Standing almost 7-feet tall and possessing a solid frame, the reigning Big South Player of the Year has an exceptional physical profile for a center, let alone one playing in a small NCAA conference. On top of his sheer size, Parakhouski possesses decent end to end mobility and some leaping ability, reminiscent of a less explosive Kyrylo Fesenko, as he lacks a degree of lateral speed and the quick leaping ability that would help him translate his size to the next level. Often the tallest player on the floor by a wide margin in conference play, Parakhouski’s averages of 16.2 points, 11.2 rebounds, and 1.5 blocks are all representative of his ability to impose his size on lesser competition.
While it is easy to write off some true centers posting good numbers in small conferences, Parakhouski is an interesting case due to his lack of playing experience, physical maturity, and his production against top competition. After two seasons at Junior College juggernaut Southern Idaho College where he proved to be a productive contributor, but not a first option, Parakhouski carried the load for Radford on most nights last season. Though he didn’t have the best game of his career against Tyler Hansbrough and UNC in the first round of the NCAA tournament, scoring 10 points on 3-15 shooting with 10 rebounds, he held his own against both Wake Forest and Virginia, going for a double-double in both contests.
Parakhouski’s ability to show well against top competition will have a considerable impact on where he’s slated moving into next year’s draft season. In the Big South, he proves incredibly difficult to stop, as the big target he provides underneath, his solid hands, and his ability to maneuver around the paint for offensive rebounds and dump passes earn him a lot of easy shots right at the basket. Showing good finishing ability, keeping the ball high and dunking it whenever possible, Parakhouski has his way with interior defenders in the Big South, though he is prone to have his shot blocked against players with comparable physical gifts.
In addition to finishing at a high rate, Parakhouski does some damage in post up situations at as well. Preferring to operate over his right shoulder, Parakhouski displays a nice turnaround jumper turning in either direction, and flashes a hook shot on occasion. Having little trouble turning and elevating over his defender, Parakhouski’s short range touch appears solid, and he’s even able to step out and knock down an occasional midrange jumper. Only average from the foul line, shooting only 65.5%, Parakhouski’s improvements from the high post will only augment the things that he already does well on the college level.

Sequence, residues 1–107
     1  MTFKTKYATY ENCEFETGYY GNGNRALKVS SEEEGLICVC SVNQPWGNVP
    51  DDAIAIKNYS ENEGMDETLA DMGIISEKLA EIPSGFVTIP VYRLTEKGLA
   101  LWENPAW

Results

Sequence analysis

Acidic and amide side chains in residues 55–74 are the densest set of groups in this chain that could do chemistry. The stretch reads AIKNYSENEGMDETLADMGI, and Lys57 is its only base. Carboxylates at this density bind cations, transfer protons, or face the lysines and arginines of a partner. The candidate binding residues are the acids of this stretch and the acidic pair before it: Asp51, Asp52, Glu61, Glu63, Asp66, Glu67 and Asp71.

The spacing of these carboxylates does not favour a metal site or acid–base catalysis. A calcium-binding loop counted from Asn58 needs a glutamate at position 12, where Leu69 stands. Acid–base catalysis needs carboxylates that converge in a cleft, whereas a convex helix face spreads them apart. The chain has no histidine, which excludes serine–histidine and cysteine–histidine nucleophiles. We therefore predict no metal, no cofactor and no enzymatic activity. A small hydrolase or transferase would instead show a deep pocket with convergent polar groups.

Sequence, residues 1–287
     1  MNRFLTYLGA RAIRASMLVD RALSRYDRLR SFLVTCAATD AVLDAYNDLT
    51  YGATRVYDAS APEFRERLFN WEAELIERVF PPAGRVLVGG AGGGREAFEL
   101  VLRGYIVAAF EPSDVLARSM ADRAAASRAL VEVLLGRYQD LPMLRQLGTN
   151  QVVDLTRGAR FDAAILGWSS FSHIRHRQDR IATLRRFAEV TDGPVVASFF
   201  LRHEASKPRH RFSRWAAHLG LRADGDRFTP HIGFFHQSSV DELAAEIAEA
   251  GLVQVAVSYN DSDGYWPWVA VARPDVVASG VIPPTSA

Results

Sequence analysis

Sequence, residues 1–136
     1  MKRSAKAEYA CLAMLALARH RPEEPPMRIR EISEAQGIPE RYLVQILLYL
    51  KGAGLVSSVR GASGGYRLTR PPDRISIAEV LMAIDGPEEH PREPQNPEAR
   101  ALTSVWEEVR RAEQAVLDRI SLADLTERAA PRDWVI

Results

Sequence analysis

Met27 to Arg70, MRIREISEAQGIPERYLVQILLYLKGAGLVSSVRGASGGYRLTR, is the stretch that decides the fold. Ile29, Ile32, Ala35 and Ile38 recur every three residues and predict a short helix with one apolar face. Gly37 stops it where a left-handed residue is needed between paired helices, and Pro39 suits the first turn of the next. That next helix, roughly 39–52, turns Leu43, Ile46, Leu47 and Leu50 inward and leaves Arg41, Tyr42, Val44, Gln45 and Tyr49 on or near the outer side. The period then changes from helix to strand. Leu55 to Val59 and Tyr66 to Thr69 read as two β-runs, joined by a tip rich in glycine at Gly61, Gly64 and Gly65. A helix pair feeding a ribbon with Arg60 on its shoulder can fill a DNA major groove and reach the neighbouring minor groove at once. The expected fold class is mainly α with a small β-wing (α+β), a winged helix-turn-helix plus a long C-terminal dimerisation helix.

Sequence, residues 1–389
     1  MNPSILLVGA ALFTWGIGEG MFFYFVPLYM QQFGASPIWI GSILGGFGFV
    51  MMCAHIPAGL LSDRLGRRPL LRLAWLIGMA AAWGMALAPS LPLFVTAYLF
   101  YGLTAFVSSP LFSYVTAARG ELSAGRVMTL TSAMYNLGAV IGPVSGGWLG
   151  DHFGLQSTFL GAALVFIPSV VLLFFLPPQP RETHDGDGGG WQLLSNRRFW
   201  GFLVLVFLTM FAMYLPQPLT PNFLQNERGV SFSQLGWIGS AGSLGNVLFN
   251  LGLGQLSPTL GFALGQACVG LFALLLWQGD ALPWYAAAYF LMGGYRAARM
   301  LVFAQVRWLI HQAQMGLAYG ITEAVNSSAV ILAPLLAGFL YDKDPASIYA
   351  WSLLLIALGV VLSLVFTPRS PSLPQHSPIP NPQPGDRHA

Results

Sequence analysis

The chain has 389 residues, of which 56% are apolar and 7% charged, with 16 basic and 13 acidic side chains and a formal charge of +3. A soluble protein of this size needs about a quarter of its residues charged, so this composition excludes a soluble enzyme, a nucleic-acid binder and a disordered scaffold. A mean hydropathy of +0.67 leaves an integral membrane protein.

Much like the instincts he displays in his basic back to the basket game, Parakhouski shows some good things on the defensive end. Disciplined and not overly foul prone, Parakhouski lacks the quickness to effectively defend the perimeter and the awareness to be a very good weakside defender. However, he plays solid defense when defending his man one-on-one in the post. One of the NCAA's top returning rebounders, as Parakhouski gains experience, his ability to be more physical defensively and react more quickly on the weakside will be essential to his defensive success regardless of where he’s playing next season.
With only six years of organized basketball under his belt, Parakhouski has made a seamless transition to the NCAA. In position to repeat as Big South Player of the Year, if Parakhouski can lead his team to the NCAA tournament, he’ll have every opportunity to boost his stock and eventually get drafted. Considering his current level of competition, Parakhouski could be a candidate for the Portsmouth Invitational Tournament next spring, and is likely to see a lot of interest when teams begin scheduling private workouts. If Parakhouski can add some polish to his game, pack on some muscle, and continue on the learning curve that he appears to be on, he seems like a strong candidate to land in the second round given the premium put on size. [Read Full Article]